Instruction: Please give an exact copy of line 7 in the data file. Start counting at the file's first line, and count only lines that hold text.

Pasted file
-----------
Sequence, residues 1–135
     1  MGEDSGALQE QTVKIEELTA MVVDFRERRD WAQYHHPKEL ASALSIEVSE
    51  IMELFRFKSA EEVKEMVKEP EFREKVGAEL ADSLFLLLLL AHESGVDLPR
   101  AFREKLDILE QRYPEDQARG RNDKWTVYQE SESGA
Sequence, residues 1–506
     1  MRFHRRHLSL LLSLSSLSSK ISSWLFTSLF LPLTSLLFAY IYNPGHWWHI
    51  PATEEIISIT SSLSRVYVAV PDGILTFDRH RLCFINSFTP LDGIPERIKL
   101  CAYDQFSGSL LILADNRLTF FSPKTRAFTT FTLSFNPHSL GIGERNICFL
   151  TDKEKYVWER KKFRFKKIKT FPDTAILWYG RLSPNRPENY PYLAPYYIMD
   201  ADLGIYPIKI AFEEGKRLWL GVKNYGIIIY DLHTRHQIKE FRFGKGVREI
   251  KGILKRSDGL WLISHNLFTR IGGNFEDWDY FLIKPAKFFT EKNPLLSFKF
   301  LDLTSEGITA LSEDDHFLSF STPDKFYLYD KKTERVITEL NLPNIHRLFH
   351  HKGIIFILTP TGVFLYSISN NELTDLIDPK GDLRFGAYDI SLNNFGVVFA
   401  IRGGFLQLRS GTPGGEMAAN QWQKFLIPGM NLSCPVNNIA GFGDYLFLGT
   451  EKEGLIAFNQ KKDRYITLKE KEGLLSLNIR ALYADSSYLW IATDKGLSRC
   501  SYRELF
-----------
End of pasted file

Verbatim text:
    51  PATEEIISIT SSLSRVYVAV PDGILTFDRH RLCFINSFTP LDGIPERIKL